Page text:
Ocular Motor Signs in Brainstem Demyelinating Disease - Spontaneous Upbeat, Vertical Gaze-Evoked Nystagmus, Slow Saccades, Bilateral Vestibular Loss, INOs

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Identifier Ocular_motor_signs_in_brainstem_demyelinatingdisease_spontaneous_upbeat_vertical_gaze-evoked_nystagmus_slow_saccades_bilateral_vestibular_loss
Title Ocular Motor Signs in Brainstem Demyelinating Disease - Spontaneous Upbeat, Vertical Gaze-Evoked Nystagmus, Slow Saccades, Bilateral Vestibular Loss, INOs
Subject Abnormal Saccades; Abnormal VOR-HIT; Abnormal Range; INO; Upbeat Nystagmus; Abducting Nystagmus; Gaze-Evoked Nystagmus
Creator Daniel R. Gold, DO, Associate Professor of Neurology, Ophthalmology, Neurosurgery, Otolaryngology - Head & Neck Surgery, Emergency Medicine, & Medicine, The Johns Hopkins University School of Medicine
Description This is a 25-year-old woman who presented with painful vision loss bilaterally two years prior to this video recording, which was diagnosed as optic neuritis. Months later, she experienced oscillopsia and binocular horizontal diplopia and was subsequently diagnosed with multiple sclerosis. No records were available regarding previous examinations. At the time of this video recording, her exam was as follows: visual acuities of 20/60 OD and 20/125 OS with a mild relative afferent pupillary defect OS. Ishihara plates were 15/16 OD and 13/16 OS and there was mild temporal pallor OU. Visual fields were intact to confrontation. On ocular motor and vestibular examination, adduction deficits (OD>OS) were noted in both eyes in addition to abducting nystagmus OU with lateral gaze. There was an 8 prism diopter (PD) exotropia (XT) in primary gaze, which increased to 20 PD XT in right gaze and 25 PD XT in left gaze. Adduction deficits could not be overcome by convergence. In primary gaze, there was spontaneous upbeat nystagmus (UBN), and there was gaze-evoked nystagmus vertically (UBN in up gaze and downbeat in down gaze). Saccades were mild to moderately slow horizontally more than vertically, and adducting saccades were slower than abducting saccades. When taking into account her nystagmus, pursuit and vestibulo-ocular reflex (VOR) suppression appeared to be normal. There were poor fast phases to an optokinetic stimulus. The visually-enhanced vestibulo-ocular reflex appeared to be normal, and there were intermittent catch-up saccades noted with head impulse test horizontally and vertically. Salient findings included the following, which could be correlated with MRI hyperintensities throughout the brainstem (no involvement of the cerebellum): 1) Spontaneous UBN: this caused vertical oscillopsia that was independent of head movements. UBN often localizes to the dorsal caudal medulla (nucleus of Roller and nucleus intercalatus), and in fact, hyperintense T2/FLAIR signal was present bilaterally in this region (see arrows in figure). Visual acuities were impaired in part due to bilateral optic neuritis, but also given her spontaneous nystagmus. 2) Hypoactive VOR: this caused oscillopsia that depended on head movements (e.g., walking) and bilateral vestibular loss was shown on bedside and video head impulse testing (HIT). Afferents from the horizontal semicircular canals (SCC) synapse in the medial vestibular nucleus (hyperintense T2/FLAIR signal was present in the region of the MVN-nucleus prepositus hypoglossi complex bilaterally; see arrows in figure), while afferents from the vertical SCC synapse on other vestibular subnuclei that in turn project rostrally via the medial longitudinal fasciculus (MLF) to the trochlear and oculomotor nuclei. Bilateral dorsal pontine hyperintense T2/FLAIR signal was present in the region of the MLFs (see arrows in the figure). 3) Bilateral adduction paresis: this was responsible for horizontal diplopia from bilateral internuclear ophthalmoplegia (INO) with adduction deficits and abducting nystagmus OU from bilateral lesions in the MLF. Notably, even when unilateral or bilateral INOs are present, HIT/video HIT in the plane of the horizontal SCCs is typically normal/near normal. As an example, a patient with a right INO can have a right adduction deficit (or lag) with leftward gaze. However, when a HIT is performed to the right (requiring activation of the right medial rectus), the afferents from the horizontal SCC can bypass the MLF lesion (via the ascending tract of Deiters), allowing for preservation of the efferent limb of the horizontal VOR. In this patient's case, hypofunction in the planes of the horizontal SCC could be explained by bilateral MVN lesions. 4) Vertical gaze-evoked nystagmus: this was due to vertical gaze holding impairment from either lesions in the interstitial nucleus of Cajal (INC) involvement in the rostral midbrain (see arrows in figure), or from lesions in the medially located pontomedullary paramedian tracts (receive vertical gaze holding signals from INC and relay to cerebellar flocculus). 5) Slow horizontal saccades: while the slow adducting saccades could be explained by bilateral INOs, the abducting saccades were also slow and fast phases were poor with an optokinetic stimulus. Vertical saccades appeared to be normal when taking into account her significant UBN. Given widespread dorsal pontine disease (see arrows in figure on sagittal FLAIR), it is likely that paramedian pontine reticular formation (PPRF) was involved. There was no contrast enhancement on MRI, although symptoms had been stable for several years by that point. Given extensive dorsal brainstem involvement, neuromyelitis optica (NMO) should be a strong consideration, although evaluation was more consistent with MS given typical supratentorial periventricular lesions and negative NMO testing.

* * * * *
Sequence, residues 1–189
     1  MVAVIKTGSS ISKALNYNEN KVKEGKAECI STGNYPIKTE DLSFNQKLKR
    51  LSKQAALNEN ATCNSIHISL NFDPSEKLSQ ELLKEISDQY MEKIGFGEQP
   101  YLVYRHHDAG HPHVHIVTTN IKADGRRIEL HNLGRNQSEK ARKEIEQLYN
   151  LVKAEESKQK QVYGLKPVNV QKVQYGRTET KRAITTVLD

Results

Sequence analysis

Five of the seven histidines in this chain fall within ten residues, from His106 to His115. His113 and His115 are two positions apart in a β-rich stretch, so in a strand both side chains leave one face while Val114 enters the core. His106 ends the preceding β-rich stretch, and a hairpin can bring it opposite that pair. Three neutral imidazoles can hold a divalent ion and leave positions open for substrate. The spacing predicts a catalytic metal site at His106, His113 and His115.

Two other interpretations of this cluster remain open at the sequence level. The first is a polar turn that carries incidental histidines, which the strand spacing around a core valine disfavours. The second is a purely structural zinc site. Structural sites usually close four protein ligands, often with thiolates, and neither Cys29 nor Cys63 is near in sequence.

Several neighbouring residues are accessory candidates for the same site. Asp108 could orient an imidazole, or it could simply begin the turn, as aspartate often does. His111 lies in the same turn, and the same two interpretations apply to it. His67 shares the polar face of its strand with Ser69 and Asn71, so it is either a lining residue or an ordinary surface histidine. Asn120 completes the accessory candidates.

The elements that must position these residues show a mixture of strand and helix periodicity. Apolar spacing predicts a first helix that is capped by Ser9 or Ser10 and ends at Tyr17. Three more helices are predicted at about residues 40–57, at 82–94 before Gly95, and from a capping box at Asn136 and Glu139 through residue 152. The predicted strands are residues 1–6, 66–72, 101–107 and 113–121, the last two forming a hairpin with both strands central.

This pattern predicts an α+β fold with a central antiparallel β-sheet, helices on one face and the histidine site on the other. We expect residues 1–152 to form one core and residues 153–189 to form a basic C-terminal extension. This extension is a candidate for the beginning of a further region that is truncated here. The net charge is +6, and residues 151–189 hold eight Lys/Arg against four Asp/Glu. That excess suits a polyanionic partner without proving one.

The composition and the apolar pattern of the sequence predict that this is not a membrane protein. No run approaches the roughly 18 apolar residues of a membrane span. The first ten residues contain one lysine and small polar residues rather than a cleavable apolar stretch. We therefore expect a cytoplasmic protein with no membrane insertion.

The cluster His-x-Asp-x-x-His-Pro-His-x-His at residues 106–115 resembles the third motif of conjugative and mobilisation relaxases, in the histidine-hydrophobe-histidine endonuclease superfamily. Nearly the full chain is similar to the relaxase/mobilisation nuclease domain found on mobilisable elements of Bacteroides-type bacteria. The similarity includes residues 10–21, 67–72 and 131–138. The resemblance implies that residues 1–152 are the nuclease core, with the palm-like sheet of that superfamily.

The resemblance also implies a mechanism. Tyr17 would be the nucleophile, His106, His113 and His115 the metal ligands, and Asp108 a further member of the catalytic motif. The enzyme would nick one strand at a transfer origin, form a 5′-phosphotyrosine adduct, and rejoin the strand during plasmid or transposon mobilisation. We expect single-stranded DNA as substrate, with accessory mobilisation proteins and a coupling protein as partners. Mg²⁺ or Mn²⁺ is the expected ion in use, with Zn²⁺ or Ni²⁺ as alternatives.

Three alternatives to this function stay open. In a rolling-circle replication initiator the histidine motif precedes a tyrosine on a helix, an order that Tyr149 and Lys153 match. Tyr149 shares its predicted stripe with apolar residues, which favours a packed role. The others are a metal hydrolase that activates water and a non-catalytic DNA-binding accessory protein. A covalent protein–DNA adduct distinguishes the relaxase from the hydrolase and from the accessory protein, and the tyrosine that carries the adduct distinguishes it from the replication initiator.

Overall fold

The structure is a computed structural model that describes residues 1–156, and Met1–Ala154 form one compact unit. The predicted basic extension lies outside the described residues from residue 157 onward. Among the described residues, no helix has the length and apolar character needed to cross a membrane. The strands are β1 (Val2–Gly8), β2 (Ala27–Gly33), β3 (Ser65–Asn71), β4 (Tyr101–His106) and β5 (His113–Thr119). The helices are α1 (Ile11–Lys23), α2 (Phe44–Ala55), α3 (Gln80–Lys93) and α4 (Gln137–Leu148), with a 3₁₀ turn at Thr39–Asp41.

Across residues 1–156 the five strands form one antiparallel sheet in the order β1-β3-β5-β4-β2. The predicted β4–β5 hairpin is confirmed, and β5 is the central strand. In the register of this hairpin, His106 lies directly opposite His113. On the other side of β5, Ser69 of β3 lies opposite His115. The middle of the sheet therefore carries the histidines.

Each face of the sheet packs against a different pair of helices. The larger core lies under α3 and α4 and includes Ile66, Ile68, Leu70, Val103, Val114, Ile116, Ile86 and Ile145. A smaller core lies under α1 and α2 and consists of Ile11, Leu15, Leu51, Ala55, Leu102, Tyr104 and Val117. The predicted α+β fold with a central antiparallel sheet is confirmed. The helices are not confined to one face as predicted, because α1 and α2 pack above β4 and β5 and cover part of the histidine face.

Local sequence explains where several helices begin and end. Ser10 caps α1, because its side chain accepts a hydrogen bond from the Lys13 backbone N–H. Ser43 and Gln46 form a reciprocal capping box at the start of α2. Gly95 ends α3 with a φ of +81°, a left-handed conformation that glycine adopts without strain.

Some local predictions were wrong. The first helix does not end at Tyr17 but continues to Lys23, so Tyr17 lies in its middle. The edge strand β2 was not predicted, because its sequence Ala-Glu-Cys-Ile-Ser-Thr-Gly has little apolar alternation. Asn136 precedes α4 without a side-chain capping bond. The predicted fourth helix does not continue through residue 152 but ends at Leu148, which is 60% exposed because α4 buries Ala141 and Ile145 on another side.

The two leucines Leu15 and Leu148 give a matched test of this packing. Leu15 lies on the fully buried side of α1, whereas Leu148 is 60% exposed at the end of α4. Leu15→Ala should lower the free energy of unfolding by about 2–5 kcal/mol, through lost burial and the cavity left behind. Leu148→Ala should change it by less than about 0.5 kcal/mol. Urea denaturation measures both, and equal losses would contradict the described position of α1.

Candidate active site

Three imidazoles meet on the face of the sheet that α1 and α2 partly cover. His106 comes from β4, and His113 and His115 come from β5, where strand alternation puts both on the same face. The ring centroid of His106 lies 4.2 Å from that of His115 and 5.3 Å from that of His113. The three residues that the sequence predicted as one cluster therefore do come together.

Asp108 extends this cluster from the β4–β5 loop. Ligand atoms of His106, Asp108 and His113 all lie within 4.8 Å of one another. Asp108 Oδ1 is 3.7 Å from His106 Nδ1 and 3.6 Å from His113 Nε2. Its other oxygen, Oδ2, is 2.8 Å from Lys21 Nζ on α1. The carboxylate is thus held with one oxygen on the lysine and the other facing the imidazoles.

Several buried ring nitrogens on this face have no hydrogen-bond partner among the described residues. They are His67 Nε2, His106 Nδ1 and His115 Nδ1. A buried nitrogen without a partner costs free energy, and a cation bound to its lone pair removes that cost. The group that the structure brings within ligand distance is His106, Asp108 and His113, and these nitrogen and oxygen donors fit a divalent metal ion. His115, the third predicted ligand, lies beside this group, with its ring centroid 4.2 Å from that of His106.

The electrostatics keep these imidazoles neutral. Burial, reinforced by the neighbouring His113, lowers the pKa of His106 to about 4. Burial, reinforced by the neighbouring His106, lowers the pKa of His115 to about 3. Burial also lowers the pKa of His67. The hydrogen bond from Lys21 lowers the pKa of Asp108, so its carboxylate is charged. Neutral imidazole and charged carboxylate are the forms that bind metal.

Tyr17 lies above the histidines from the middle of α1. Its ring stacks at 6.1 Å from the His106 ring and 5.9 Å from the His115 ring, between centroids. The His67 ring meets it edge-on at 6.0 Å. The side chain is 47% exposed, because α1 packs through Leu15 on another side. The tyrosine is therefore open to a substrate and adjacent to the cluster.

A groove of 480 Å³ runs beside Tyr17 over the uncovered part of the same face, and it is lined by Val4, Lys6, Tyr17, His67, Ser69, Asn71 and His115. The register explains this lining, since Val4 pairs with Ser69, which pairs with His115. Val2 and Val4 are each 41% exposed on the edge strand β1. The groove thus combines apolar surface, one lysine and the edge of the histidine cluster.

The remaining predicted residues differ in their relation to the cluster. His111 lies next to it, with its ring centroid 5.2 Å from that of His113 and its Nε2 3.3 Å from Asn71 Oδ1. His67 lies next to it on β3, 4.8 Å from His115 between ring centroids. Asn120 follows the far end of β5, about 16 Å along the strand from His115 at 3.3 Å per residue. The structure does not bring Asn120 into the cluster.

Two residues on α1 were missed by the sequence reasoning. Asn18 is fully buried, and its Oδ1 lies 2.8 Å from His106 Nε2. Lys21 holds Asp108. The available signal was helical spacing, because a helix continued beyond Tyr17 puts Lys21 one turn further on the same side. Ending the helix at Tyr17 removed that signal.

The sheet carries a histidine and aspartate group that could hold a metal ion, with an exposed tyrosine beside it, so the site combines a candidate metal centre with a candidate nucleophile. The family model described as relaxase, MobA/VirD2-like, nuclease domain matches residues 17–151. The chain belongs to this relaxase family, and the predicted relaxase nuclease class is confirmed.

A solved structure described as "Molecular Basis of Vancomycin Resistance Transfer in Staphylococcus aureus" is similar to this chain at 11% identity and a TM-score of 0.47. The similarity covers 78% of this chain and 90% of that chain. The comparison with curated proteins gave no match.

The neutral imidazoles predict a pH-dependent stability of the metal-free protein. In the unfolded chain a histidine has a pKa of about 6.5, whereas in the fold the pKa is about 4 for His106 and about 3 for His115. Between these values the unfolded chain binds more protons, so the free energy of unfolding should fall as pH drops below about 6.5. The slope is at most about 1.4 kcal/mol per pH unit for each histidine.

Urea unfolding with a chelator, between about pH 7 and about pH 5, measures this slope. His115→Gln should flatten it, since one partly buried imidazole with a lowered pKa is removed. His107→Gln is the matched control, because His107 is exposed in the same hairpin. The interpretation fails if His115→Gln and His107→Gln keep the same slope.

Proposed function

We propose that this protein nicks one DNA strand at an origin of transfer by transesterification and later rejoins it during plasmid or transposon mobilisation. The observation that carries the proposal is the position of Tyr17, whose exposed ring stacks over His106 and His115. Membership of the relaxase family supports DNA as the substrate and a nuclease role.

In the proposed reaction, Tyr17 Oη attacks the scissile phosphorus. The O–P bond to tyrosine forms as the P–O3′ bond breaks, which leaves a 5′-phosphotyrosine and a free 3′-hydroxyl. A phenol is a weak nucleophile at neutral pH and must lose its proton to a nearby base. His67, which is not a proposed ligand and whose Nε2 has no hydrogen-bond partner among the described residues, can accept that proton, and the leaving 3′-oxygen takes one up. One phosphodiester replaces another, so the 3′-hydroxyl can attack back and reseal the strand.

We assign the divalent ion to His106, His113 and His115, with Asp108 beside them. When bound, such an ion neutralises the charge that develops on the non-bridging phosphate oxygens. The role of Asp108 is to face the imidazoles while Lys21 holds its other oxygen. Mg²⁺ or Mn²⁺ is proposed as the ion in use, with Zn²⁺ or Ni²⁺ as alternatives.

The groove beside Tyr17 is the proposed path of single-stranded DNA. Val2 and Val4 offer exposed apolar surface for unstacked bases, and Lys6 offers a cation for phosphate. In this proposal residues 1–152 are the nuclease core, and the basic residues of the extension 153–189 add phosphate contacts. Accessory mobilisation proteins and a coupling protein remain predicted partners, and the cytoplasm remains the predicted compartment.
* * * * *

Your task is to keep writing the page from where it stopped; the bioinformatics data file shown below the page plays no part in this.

Imaging 1 video which includes ocular motor abnormalities with corresponding neuroanatomic figures and MR images
Publisher Spencer S. Eccles Health Sciences Library, University of Utah
Date 2020-04
Type Image/MovingImage
Format video/mp4
Relation is Part of NOVEL: Neuro-ophthalmology Virtual Education Library Examination Collection
Rights Management Copyright 2020. For further information regarding the rights to this collection, please visit: https://NOVEL.utah.edu/about/copyright
Holding Institution Spencer S. Eccles Health Sciences Library, University of Utah, 10 N 1900 E, SLC, UT 84112-5890
Collection Neuro-ophthalmology Virtual Education Library: NOVEL http://NOVEL.utah.edu
Language eng
ARK ark:/87278/s64517rm
Setname ehsl_novel_gold
Date Created 2020-07-20
Date Modified 2021-06-28
ID 1584274
Reference URL https://collections.lib.utah.edu/ark:/87278/s64517rm